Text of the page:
Everything we do and what we don't do. Think carefully about what we send forth for tomorrow. Every action we have has a consequence and in doing so, be mindful of God. Not only does it have a consequence in the worldly sense, but it should have a consequence in that. What emanates from us should be inspired by our teachings to spread loving mercy in the world and to serve others. God is aware of everything you do. Don't be like the one who forgot God, don't be like that person. Don't be like that guy who forgot the teachings and got into a fight in the street. Don't be like that person because God will cause you to forget your own soul. You'll be led by your passions. You'll be led by your own desires, which oftentimes put us in precarious situations that later on we tend to regret. It's enough that we teach our children not to follow their passions and desires and all things. We don't need to grow up to be adults like that.

Don't be someone who turns out to be rebellious, but be someone who understands that there is an order. There is a system. There are tremendous gifts and blessings in this world that we are here to honor not to exploit. To share, not to covet and to be stingy about, and to enhance, not to destroy. In the end, our teachings remind us to be, as the Quranic text tells us, to be like a honeybee in conclusion. The honeybee is a symbol, an embodiment of what we are supposed to be like. The honeybee pollinates from different flowers in the garden. Oftentimes from more than one locale and it digests. It digests from different sources, all from one source, the earth, but it digests. When it takes that material in, when it digests what it ingests, it doesn't just keep it in it, it expels it.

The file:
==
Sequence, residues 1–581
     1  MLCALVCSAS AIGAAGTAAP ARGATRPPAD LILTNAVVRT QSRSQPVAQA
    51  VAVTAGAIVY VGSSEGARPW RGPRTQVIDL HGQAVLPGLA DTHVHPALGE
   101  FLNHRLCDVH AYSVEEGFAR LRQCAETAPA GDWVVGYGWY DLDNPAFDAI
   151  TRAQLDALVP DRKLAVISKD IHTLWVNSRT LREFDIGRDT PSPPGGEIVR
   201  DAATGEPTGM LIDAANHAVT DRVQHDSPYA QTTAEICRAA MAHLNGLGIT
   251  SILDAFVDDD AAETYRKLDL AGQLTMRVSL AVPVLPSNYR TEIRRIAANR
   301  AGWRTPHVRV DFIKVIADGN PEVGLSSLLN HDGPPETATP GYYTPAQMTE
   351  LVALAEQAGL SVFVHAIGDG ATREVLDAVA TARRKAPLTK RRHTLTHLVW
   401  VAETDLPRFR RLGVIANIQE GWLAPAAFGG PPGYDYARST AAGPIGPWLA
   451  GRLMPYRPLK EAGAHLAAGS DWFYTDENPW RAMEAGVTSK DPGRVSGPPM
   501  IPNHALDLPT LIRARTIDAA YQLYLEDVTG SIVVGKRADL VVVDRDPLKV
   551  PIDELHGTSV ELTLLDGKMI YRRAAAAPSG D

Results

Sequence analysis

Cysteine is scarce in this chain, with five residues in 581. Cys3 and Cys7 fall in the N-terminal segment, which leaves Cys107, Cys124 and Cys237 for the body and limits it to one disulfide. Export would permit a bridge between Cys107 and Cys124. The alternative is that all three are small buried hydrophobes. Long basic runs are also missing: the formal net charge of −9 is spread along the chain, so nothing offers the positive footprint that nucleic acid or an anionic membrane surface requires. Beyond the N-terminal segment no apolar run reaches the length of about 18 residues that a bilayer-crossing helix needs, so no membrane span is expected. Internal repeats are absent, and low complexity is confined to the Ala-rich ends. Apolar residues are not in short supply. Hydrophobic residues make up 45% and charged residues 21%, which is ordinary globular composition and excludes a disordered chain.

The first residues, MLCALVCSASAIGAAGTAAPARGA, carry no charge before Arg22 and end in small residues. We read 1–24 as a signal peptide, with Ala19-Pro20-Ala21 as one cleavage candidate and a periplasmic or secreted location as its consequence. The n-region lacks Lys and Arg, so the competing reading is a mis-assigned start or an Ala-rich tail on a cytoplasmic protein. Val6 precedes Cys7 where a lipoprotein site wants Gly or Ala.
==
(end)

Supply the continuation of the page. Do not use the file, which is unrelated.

In the text the Quran tells us that what comes out is a product that is a source of healing for humanity, not believers only, for humanity. It's a source of healing and not only is it a source of healing for humanity, but it comes in diverse varieties of different colors and different shades. You have honey that's golden and honey, that's yellow, and honey that's black, honey that's a little bit red. The product is different because it's been ingested and digested, but the honeybee doesn't keep it, it shares it. What it shares is something that is palatable, digestible, and a source of healing for every single living human being on the planet, regardless of who encounters that product.

Our scripture tells us the honeybee is the example of what we are supposed to be in being all that we can be all that we should be as opposed to the parrot who just regurgitates without digesting and without giving any product that has any benefit, any positive production, other than getting a laugh. In closing, let us be mindful of our teachings. Let us be inspired by our teachings. Let us not be servants of our passions, slaves of other people's passions. Let us ingest what we have come to love and receive as a blessing. Let us digest, let us understand it, and let us practice it. Let us share it with others in ways that produce healing that's acceptable and that's practical for everybody. May God bless this building. May God bless everyone in here. May God bless our university, our family, our communities, and our country, Ameen.



See also: Sermon